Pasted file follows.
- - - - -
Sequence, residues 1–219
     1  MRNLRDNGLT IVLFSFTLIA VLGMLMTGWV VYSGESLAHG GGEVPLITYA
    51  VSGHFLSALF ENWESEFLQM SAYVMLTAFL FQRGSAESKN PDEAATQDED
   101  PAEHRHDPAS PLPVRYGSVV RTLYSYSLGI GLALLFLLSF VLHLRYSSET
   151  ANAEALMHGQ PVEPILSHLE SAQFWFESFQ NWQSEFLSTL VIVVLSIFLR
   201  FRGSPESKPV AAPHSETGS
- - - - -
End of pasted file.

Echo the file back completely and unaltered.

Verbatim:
Sequence, residues 1–219
     1  MRNLRDNGLT IVLFSFTLIA VLGMLMTGWV VYSGESLAHG GGEVPLITYA
    51  VSGHFLSALF ENWESEFLQM SAYVMLTAFL FQRGSAESKN PDEAATQDED
   101  PAEHRHDPAS PLPVRYGSVV RTLYSYSLGI GLALLFLLSF VLHLRYSSET
   151  ANAEALMHGQ PVEPILSHLE SAQFWFESFQ NWQSEFLSTL VIVVLSIFLR
   201  FRGSPESKPV AAPHSETGS